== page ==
What's new, what's worthyby Josh Rhea
Everyone has an opinion. SKI Magazine hands out Gold Medals to carving skis, and POWDER Magazine treasures the all-mountain fat, scoffing at anything so subjective as a ranking. We won’t tell you what to buy—we’ll let the magazines do that. Instead, we’ve compiled a run-down of the best new technologies and trends that will make your ’03-04 season better than the last.
- Fatter, softer skis like the Volkl Gotama and K2 Kahuna are a step down from dedicated big mountain skis—they’re responsive and less-punishing in powder, but are less-than-capable on hardpack.
Manageable powder skis
The K2 Kahuna, 137/108/127. Available soon at BackcountryStore.com
- The park design spreads even further into all-mountain category skis. A moderate twin shape allows for easy maneuvering in tight spots (you can back up), an easier release at the end of your turn, and a huge rooster-tail to spray your buddies with—real benefits you’ll notice without ever stepping foot in a park.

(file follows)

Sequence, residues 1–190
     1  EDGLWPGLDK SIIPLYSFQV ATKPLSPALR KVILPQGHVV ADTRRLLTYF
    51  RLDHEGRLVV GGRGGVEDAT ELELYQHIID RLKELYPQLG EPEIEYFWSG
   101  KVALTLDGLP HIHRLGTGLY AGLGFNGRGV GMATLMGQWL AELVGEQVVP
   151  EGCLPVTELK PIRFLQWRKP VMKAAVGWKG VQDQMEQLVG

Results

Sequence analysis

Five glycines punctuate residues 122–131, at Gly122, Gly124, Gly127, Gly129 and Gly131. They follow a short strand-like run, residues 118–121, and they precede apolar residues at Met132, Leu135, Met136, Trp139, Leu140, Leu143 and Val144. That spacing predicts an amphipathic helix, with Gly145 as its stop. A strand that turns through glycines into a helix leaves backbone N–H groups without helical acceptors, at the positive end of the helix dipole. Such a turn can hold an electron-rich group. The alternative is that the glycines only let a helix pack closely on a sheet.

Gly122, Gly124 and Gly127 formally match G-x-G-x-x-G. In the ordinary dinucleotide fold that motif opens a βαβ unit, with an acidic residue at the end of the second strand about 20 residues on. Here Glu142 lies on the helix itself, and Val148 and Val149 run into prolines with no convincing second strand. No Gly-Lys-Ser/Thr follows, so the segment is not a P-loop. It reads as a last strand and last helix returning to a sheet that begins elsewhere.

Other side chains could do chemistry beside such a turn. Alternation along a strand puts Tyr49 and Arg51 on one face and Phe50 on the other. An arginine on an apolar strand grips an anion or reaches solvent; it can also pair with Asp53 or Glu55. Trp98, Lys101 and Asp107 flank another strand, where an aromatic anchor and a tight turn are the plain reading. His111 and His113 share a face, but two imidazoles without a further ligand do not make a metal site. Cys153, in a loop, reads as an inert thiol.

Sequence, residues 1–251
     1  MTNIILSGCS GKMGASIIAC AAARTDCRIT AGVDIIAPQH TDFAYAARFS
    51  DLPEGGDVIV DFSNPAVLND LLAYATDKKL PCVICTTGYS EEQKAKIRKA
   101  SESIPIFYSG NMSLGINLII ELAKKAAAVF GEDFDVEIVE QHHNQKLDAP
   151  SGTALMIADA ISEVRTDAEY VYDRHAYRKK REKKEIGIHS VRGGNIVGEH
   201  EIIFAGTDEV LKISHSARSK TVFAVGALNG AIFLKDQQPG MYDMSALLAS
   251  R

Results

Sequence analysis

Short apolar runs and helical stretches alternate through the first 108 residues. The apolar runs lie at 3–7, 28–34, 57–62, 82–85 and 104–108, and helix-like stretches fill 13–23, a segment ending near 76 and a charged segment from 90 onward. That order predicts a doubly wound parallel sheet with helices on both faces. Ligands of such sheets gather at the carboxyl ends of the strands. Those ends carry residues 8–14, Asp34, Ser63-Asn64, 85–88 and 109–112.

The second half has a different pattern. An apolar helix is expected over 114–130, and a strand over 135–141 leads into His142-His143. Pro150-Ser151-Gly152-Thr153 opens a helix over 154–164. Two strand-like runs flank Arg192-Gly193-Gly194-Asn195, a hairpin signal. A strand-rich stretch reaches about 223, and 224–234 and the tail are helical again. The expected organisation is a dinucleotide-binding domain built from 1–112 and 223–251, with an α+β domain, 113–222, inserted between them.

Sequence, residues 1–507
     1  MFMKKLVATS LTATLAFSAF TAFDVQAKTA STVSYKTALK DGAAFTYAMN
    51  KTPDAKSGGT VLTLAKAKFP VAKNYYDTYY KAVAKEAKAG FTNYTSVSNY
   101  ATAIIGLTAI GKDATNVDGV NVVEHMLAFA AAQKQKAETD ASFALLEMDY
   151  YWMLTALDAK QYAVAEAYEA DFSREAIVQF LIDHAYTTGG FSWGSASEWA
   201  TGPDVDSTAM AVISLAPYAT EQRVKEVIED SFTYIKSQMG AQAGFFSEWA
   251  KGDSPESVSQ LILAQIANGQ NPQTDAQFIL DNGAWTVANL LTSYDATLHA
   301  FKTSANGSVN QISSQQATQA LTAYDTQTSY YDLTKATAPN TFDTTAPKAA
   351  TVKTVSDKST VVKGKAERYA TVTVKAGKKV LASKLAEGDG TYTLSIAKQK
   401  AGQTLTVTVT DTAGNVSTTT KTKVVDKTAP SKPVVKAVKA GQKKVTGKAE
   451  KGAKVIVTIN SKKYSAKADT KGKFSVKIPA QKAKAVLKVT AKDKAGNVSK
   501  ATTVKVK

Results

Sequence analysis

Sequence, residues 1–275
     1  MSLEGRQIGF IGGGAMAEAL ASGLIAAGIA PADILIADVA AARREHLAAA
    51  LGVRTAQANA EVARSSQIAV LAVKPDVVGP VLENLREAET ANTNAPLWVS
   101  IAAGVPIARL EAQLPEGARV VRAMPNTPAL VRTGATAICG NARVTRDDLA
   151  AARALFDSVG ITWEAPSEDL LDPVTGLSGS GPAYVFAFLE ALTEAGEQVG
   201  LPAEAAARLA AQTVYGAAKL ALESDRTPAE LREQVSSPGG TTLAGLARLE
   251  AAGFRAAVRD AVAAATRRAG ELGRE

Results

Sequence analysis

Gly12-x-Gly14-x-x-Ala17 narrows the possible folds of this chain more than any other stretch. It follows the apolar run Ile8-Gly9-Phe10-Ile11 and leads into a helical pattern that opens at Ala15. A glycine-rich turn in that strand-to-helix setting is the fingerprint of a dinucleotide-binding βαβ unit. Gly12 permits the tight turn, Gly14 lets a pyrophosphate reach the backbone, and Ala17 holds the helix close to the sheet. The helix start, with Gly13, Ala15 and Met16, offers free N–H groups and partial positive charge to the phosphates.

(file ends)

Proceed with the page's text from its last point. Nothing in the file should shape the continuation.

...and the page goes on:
The Line Maverick, a true all-mountain twin.
- K2 pioneered electronic damping technology with their Piezo chips in the late ‘90s. Head grabbed that torch and ran with it with their Intelligence Chip technology. The chip in the Monster i.M 75 Chip simultaneously dampens the ski and adjusts torsional rigidity to the terrain at hand. Look for electronics to play an increasing role in ski construction.
The Head i.M75 Chip.
- Salomon introduces the AK Rocket Swallowtail, a ski with a 13.5cm-long swallowtail, allowing the tail to sink in powder so you can control the ski from a forward stance. Volant puts the controversial V2 Spatula on the market—a ski with reverse sidecut and reverse camber (like a water ski) capable of smearing, versus carving, huge powder turns. Believe it or not, it works.
Radical fat ski designs
The Atomic SX:11. Atomic was one of the earliest pioneers of a free-flex binding plate.
- These pre-drilled mounting plates, compatible only with a particular binding manufacturer, are more prevalent this year. They promise a smoother, more even flex across the entire length of a ski during the turn. The downside? For those of us attached to a certain binding, our ski choices just got extremely limited.